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I have this AsyncTask:

private class GetMyFlights extends AsyncTask<String, Void, Integer> {       
    private ProgressDialog dialog;  

    public GetMyFlights(ListActivity activity) {}           

    @Override
    protected Integer doInBackground(String... params) {
        return getData();
    }       

    @Override
    protected void onPostExecute(Integer result) {  
        super.onPostExecute(result);    
        //...
    }
}

When I change to another activity I want to stop it. So I set this:

@Override
protected void onPause() {
    if(mGetMyFlights != null){
        mGetMyFlights.cancel(true);
        Log.d(TAG, "MyFlights onPause, cancel task");
    }
    super.onPause();
}

But the code inside getData is still working when I change my activity. How can I be sure is stop?

share|improve this question
up vote 1 down vote accepted

What I usually do is call cancel(true) on the AsyncTask instance and check Thread.interrupted() in doInBackground. You could check isCancelled(), but that doesn't work if the actual work is done in some other class that is independent from your AsyncTask and doesn't know about it. For example (copied directly from my own getData() method, inside my Data class, independent from any activities, async tasks, etc.):

while ((line = reader.readLine()) != null) {
    if (Thread.interrupted()) throw new InterruptedException();
    content.append(line);
}

Just make sure to handle the InterruptedException in your doInBackground(), e.g.:

@Override
protected Integer doInBackground(String... params) {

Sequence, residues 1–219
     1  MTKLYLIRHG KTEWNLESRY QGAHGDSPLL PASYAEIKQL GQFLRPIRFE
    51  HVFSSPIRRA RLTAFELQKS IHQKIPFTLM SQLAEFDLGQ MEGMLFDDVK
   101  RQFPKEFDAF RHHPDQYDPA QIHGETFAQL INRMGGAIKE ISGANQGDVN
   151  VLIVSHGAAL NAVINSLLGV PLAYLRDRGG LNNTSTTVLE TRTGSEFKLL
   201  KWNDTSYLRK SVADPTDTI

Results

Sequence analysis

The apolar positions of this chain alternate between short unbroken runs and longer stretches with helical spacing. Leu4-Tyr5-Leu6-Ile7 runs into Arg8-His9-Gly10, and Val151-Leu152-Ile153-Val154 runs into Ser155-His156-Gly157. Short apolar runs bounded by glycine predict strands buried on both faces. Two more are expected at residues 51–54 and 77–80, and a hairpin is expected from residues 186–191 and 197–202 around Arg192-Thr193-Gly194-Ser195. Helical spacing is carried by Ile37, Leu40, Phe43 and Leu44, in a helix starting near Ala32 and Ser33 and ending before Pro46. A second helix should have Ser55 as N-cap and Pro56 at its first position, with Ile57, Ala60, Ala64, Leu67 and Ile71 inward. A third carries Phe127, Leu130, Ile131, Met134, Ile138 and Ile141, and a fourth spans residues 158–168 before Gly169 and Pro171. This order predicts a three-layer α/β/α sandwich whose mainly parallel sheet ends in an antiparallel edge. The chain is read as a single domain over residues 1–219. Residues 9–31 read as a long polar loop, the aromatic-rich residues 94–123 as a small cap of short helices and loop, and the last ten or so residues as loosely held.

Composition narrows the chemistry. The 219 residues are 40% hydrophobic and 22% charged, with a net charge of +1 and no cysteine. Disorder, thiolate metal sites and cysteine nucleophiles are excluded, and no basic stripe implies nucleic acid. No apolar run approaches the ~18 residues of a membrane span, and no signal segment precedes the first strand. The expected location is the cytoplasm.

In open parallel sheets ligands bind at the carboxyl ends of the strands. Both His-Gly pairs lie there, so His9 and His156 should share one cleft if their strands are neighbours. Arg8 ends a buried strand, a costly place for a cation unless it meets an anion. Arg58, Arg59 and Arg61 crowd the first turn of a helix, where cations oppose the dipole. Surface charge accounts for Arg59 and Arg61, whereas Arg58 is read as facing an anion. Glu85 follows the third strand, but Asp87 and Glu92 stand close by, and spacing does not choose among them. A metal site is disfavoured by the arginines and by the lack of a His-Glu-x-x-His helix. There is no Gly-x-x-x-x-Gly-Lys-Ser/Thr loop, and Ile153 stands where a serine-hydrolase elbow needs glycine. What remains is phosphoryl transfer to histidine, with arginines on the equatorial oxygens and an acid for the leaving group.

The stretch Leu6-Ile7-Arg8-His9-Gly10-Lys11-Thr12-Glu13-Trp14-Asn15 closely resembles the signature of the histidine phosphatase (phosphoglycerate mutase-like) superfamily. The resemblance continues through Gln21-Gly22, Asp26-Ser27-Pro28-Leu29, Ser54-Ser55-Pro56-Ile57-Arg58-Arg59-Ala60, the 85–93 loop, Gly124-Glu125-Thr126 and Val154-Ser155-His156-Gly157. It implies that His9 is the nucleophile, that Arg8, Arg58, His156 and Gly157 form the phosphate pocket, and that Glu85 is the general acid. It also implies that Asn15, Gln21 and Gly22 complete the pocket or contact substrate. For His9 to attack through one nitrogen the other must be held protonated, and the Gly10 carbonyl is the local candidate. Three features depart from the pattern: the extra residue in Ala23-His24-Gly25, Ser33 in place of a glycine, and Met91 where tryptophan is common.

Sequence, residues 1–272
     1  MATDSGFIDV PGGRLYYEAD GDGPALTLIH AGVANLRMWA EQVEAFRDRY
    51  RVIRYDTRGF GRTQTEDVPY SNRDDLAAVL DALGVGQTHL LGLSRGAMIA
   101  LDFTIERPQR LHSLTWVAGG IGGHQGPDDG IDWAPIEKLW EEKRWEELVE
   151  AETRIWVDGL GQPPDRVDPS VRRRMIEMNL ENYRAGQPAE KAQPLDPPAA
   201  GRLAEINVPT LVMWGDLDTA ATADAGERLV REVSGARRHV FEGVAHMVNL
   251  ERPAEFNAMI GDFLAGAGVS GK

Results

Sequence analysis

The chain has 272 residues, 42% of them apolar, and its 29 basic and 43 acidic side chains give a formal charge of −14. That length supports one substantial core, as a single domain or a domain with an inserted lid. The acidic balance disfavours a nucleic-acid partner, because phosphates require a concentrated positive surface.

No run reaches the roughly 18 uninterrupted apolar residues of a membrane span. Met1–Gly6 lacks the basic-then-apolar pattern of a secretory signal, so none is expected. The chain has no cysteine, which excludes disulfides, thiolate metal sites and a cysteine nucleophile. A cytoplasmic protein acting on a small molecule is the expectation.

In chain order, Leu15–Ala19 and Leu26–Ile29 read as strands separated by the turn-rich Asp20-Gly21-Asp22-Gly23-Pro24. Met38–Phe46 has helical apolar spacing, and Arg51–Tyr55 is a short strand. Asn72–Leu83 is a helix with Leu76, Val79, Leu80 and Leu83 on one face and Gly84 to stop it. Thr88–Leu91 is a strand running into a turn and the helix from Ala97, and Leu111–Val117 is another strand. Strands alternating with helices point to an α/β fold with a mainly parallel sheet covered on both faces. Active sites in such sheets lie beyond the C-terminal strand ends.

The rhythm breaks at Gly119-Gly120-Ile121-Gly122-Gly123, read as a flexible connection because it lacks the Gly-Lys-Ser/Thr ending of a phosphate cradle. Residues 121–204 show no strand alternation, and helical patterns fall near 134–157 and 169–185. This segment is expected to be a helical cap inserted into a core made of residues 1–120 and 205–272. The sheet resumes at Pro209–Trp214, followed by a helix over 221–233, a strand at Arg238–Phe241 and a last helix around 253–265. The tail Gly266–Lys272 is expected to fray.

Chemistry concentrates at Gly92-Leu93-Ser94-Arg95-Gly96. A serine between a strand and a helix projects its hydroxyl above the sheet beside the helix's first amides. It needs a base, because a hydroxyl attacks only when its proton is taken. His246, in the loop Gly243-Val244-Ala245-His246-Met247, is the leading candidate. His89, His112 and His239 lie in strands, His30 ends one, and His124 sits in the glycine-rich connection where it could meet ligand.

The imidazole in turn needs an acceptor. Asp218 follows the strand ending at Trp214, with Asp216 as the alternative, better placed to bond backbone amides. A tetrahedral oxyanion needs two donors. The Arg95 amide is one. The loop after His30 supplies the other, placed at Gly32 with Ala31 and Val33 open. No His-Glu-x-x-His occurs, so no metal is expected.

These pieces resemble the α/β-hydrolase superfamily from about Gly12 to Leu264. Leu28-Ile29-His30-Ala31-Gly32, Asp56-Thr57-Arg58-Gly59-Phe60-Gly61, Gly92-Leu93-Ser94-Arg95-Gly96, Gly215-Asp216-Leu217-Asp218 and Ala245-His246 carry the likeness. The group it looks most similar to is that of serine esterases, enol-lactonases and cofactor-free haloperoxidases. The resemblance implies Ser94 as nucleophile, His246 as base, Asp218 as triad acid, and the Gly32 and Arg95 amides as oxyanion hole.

try {
        return getData();
    }
    catch (InterruptedException e) {
        Log.d("MyApp", "Girl, Interrupted");
        return -1;
    }
}

Also worth noting that onPostExecute() is not called if the task is cancelled. Instead, onCancelled() is called.

share|improve this answer
    
I have solve the problem using the modifier synchronized in the method that I called in my getData(). What do u think? – Dayerman Sep 20 '11 at 10:42
    
I don't think you solved the problem. That just causes the method to block if more than one thread tries to call it at the same time. – Felix Sep 20 '11 at 10:47
    
But actually the exception I get when I called the method 2 times is IllegalStateException.Should I handle that instead? – Dayerman Sep 20 '11 at 10:51

From everything I've read, it seems that the cancel() method is not a reliable way to stop an AsyncTask. An interrupt is sent to the background thread, but this is only effective on interruptable tasks. The general consensus is that, to ensure the AsynTask is stopped, you should continually check isCancelled() within the doInBackground method of your AsyncTask.

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